Feldbaum to Biotech Leaders: Cooperate and Share

Photo: Courtesy of Carl Feldbaum Carl Feldbaum Financiers and biotechnology business leaders suspended their networking for a few minutes at the BIO 2002 annual convention in Toronto as Carl Feldbaum, chairman of the powerful US Biotechnology Industry Organization, urged them to cooperate with their competitors and assist the poor.

By | July 8, 2002

Photo: Courtesy of Carl Feldbaum
 Carl Feldbaum

Financiers and biotechnology business leaders suspended their networking for a few minutes at the BIO 2002 annual convention in Toronto as Carl Feldbaum, chairman of the powerful US Biotechnology Industry Organization, urged them to cooperate with their competitors and assist the poor.

Feldbaum's 10-point Biotechnology Foreign Policy,1 introduced over a sumptuous lunch, would provide appropriate and affordable vaccines and drugs for developing countries and ensure the protection of intellectual property while promoting free trade. "Our goal must be to ensure the widest possible dissemination of biotechnology's benefits while respecting the diversity of the world's nations and peoples," Feldbaum said in his plenary address to the annual convention in June. The convention provided companies access to management assistance and financing. "For a model, I looked to President Woodrow Wilson's Fourteen Points, which articulated his international goals after the carnage of World War I."

But it's still early to enroll in a League of Bio Nations, according to Feldbaum and other biotechnology experts. National trade associations such as BIO have only recently gathered in what they've dubbed the 'International Biotechnology Forum' for deliberations on global commerce and intellectual property protection. Consumer distrust for genetically modified (GM) organisms--which rankles some US agricultural biotech leaders--shows no sign of abatement in Europe. And few companies have rushed to supply new vaccines for diseases such as malaria or tuberculosis that ravage communities in sub-Saharan Africa, for example, but leave populations in rich countries unscathed.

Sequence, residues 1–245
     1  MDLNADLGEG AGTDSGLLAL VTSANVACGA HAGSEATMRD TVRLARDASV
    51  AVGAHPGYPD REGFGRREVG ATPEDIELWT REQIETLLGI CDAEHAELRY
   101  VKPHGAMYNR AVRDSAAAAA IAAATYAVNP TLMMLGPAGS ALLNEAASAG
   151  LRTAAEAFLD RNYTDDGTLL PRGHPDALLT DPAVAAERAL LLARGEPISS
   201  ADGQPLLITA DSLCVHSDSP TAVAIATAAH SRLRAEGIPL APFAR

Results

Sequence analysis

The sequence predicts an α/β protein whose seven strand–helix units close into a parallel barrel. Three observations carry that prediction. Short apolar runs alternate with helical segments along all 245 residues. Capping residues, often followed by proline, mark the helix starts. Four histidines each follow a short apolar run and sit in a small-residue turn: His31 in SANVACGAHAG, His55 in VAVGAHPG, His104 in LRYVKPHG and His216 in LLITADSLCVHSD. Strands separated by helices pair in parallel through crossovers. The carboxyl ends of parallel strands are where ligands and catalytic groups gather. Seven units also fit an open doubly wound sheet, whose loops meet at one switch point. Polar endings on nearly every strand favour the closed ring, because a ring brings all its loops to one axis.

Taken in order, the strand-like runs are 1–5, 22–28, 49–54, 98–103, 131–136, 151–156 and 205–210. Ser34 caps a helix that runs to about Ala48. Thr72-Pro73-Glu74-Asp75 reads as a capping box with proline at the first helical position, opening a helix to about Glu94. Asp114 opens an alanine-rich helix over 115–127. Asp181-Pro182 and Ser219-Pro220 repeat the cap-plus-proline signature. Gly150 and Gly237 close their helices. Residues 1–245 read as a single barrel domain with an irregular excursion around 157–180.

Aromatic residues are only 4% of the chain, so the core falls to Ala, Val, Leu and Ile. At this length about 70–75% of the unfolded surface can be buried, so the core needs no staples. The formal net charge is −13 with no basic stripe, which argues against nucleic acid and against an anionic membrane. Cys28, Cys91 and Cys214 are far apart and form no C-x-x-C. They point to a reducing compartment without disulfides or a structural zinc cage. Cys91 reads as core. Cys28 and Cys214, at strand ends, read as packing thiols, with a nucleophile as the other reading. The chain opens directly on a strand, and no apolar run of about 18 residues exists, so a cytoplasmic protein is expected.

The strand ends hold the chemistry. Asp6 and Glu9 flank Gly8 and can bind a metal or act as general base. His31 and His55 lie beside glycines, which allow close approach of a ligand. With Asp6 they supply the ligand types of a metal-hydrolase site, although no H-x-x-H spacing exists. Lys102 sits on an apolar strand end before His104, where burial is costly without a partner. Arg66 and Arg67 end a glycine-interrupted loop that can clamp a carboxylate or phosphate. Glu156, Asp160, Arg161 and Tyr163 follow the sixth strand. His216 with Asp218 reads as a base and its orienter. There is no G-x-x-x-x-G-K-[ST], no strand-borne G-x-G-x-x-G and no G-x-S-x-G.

"Is [the creation of Third World vaccines] really an appealing activity for private institutions?" inquires Issaksa Diallo, director of Advance Africa, a nonprofit organization that supplies contraception and gives training. "Will they be interested in really developing vaccines, as compared to the type products for which they can get high benefit?"

The benefits for some in the biotechnology industry have been under scrutiny over the last few months, with Securities and Exchange Commission investigations of ImClone Systems, based in New York City, and the Dublin-based Elan. A jury also recently ordered the pioneering biotech company Genentech of South San Francisco to pay the City of Hope National Medical Center $500 million dollars (US) in compensatory and punitive damages for failing to honor a 1976 licensing agreement.

Despite such setbacks, Feldbaum expresses hope that the biotechnology industry's unique workforce--derived from academia, and focused on aggressive scientific advancement--will find ways to benefit from expanding services to people from poor and less powerful nations. "A small constellation of biotech companies has CEOs from academia; many of them have public health backgrounds," he explains, adding that the US war on bioterrorism may also result in the creation of vaccines that could be beneficial to other countries. "When I added all that up, ... I saw the opportunity to lay out what I thought would be new priorities."